Case # 2 SureCut Shears, Inc. Applied Corporate Finance
1. In his predictions, Mr. Fisher assumed that growth of sales in the year (July 95 till June 96) would be -0.4% – which in the case of a company that has shown sustainable growing profits since 1958 should reflect some negative economic expectations that would be confirmed by the retail industry downturn – with monthly values for 1996 similar to homologues registered in 1995; production would be constant, so as the cost of goods (60% of sales); and sales seasonal peak is placed between July and December. However, it happens that from August 1995 in beyond, the cost of final goods were supposed to decrease as result of productive efficiencies inherent to the plant modernization program, allowing to save about $ 900,000 per year before taxes in manufacturing costs, assuming these as materials and labour. In fact, this cost should likely be 58% of the sales, instead of the affirmed 60%, with the year total value of those inputs equal to $18.000, the saving value resultant from the gains of efficiency since the end of August 1995 until June 1996 equal to $ 750,000, and a total amount of sales of $ 30,000,000 (($ 18,000,000 - $ 750,000) / $30,000,000 = 57.5%). For this reason we do not think this was a reasonable assumption to take.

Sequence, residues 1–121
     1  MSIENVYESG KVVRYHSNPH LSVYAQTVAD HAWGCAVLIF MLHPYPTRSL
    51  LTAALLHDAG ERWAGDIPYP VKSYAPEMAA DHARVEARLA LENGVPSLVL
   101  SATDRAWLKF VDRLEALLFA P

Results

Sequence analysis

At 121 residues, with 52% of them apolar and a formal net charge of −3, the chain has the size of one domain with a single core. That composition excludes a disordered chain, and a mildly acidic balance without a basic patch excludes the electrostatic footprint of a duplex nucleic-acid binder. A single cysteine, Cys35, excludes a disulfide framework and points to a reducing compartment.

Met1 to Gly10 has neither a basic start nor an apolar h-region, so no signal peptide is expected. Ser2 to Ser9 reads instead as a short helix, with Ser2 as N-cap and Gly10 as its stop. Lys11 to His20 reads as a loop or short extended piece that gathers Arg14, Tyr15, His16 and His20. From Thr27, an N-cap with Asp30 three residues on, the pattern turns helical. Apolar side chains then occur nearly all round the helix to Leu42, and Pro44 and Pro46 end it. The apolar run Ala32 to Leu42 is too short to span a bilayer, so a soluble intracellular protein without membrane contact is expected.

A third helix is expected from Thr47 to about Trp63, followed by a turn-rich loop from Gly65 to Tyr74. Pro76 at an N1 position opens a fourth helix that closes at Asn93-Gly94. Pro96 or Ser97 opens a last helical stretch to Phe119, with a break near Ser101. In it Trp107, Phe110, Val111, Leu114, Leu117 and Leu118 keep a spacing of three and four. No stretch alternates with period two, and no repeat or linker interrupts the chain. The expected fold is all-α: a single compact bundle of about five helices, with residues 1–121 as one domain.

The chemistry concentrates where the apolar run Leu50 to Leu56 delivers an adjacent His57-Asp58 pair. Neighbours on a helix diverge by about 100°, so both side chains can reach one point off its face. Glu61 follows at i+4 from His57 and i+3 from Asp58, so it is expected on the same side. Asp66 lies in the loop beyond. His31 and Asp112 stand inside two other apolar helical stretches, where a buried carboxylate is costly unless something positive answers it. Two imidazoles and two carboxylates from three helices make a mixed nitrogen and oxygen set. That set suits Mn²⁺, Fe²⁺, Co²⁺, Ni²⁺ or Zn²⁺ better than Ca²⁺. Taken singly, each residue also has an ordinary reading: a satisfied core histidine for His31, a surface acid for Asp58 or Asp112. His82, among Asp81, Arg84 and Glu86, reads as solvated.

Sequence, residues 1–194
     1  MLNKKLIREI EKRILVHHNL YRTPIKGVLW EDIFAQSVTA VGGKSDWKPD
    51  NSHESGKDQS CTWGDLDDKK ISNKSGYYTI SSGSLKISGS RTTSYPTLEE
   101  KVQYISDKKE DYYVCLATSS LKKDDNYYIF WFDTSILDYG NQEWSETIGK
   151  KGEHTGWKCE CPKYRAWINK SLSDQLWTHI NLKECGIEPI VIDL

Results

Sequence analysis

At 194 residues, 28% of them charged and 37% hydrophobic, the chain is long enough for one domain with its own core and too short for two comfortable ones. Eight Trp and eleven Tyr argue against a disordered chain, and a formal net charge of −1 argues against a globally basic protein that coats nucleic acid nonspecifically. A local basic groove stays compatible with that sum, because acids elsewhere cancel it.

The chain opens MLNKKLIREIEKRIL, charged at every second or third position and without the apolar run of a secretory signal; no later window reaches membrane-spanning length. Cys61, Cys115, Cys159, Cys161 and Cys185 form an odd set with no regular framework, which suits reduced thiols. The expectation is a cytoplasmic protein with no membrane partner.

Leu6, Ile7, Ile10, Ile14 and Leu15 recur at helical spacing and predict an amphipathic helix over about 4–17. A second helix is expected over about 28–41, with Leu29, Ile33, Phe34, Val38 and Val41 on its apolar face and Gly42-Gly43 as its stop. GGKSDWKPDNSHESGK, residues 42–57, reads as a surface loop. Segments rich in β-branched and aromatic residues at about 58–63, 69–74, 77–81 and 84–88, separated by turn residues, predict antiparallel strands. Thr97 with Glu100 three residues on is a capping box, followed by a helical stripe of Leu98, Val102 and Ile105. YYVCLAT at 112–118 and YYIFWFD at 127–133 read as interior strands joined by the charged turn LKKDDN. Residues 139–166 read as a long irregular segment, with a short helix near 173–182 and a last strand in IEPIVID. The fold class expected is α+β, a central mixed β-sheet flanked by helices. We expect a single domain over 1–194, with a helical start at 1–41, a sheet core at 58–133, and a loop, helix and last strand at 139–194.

2. Comparing the Pro Forma Income Statement with the effectively verified Income Statement for the period of July 95 till June 96, the first of the cause and effect relations that we can establish to explain the incapacity of SureCut Shears to repay its bank loan on March 31 is the Retail downturn, and consequent decrease on sales, which end up to register values 12.24% under the forecasted. Directly related to that is also the verification of a higher lag sales collection period than the predicted (from the 45 estimated days to 50.68), explained, for instance, by the high market power of large retailers, who constitute a...
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